The Amhara statement also claimed that regional authorities in both Oromo Special Zone and North Shewa Zone had seen movements and training of ‘OLF-Shene’ soldiers in the area, countering and contradicting the statement issued by OPP suggesting that there were no ‘OLF-Shene’ operatives in the area, and further accused the ‘OLF-Shene’ of provoking conflict in other areas near the border with Afar Regional State. The exchange of accusations and rhetoric was resumed the following week in the aftermath of another series of attacks, in this instance against civilians living in communities with significant Amhara populations located in Oromia Regional State.
Other than the Oromia, Amhara and Federal governments and administrations, no one would seriously suggest that any of the three governments formed by the three ruling political factions that are parties to the dispute should be responsible for the conduct of an investigation into the recent attacks and the preceding developments giving rise to the current violence and conflict. In the current state of widespread armed conflict with multiple causes and focal points, of institutional degradation and paralysis, and of arbitrary rule by decree (with many of the ruling factions resorting to covert alliances and disguised paramilitary operations), the greatest challenge for the Ethiopian people is to devise a procedure or mechanism capable of steering the country away from catastrophe.
The Ethiopian Human Rights Commission has made some valiant efforts to investigate specific conflicts and outbreaks of violence but the scale of the crises confronting Ethiopia are far too numerous and wide-ranging for the Commission to investigate much less attempt to resolve, other than as one of many agencies and actors participating in a broader process. Moreover, the Commission’s current status as an agency responsible and accountable to the Federal government and parliament is a substantial impediment to it adopting an independent role, given that the national and Amhara branches of the Prosperity Party are two of the primary belligerent parties that must be investigated for their role and conduct in the many conflicts that have occurred and the terrible war crimes and atrocities that have been committed.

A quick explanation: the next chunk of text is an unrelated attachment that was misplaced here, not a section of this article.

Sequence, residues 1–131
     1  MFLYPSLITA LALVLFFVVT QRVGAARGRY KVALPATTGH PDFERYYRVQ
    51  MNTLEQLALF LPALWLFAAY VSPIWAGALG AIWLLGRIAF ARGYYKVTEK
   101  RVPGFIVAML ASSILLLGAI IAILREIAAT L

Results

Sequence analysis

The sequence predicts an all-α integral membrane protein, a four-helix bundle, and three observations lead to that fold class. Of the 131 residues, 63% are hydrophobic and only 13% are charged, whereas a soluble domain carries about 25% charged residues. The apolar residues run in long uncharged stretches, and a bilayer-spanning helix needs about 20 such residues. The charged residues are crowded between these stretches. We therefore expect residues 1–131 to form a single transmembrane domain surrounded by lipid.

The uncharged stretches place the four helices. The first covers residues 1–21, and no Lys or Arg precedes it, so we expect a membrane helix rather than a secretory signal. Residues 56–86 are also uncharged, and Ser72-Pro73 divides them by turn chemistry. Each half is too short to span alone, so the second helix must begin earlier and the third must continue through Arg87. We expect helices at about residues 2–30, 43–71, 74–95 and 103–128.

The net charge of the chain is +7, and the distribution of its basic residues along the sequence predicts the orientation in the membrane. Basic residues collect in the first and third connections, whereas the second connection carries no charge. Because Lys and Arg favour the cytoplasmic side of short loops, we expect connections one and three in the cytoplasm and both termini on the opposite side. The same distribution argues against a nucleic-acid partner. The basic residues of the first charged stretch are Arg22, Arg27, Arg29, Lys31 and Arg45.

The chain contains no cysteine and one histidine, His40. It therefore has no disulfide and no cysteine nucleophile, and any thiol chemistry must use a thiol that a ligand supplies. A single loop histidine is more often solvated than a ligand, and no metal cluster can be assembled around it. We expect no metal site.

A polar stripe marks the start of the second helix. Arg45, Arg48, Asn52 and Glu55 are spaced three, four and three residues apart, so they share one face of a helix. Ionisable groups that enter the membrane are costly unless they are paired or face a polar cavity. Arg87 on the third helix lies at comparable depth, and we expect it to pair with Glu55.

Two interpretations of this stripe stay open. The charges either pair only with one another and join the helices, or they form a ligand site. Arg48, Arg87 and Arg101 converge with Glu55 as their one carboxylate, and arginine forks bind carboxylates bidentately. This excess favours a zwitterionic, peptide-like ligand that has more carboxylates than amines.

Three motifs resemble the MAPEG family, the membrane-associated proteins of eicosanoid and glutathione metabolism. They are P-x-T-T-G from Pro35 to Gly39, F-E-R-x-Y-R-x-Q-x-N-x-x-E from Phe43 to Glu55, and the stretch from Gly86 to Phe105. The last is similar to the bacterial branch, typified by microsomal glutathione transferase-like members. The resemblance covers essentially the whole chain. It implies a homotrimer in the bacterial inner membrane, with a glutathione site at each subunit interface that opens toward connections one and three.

The Federal parliament approved a draft decree to establish a Reconciliation Commission late in 2018, however it was never activated and did not have an investigative capacity and role as one of its major functions and objectives (and it was also to have been accountable to the Prime Minister and the Parliament, which given the current situation would clearly be inappropriate).
More precisely, as alluded to above, a series of parallel local and regional investigations and reconciliation tribunals or commissions within the coordinating umbrella of a national mechanism and with membership and operating procedures acceptable to as many factions and regions as possible (and controlled by none of them) would be required to accommodate the many different scenarios of conflict and dispute throughout the country.
The Eritrea factor
Another aspect that greatly complicates the situation within Ethiopia and exacerbates the existential threat the country faces, is that the ruling regime in Eritrea appears to have a long term underlying objective beyond the current tactical alliance with Ethiopia’s Federal government and Amhara ruling elites, namely to weaken if not destroy Ethiopia. If this is indeed the case, the Eritrean leadership could abruptly terminate the unlikely alliances which have been formed over the last couple of years, and overtly or covertly resume hostile military and infiltration and destabilization actions in other parts of Ethiopia (if it is not already doing so – over the last few months there have been numerous reports of Eritrean military personnel being involved in clashes and massacres in several regions in Ethiopia well beyond the borders of Tigray, adding additional fuel to the conflict in numerous regional hotspots where communal clashes and ‘ethnic cleansing’ have been spiralling out of control over the last couple of years).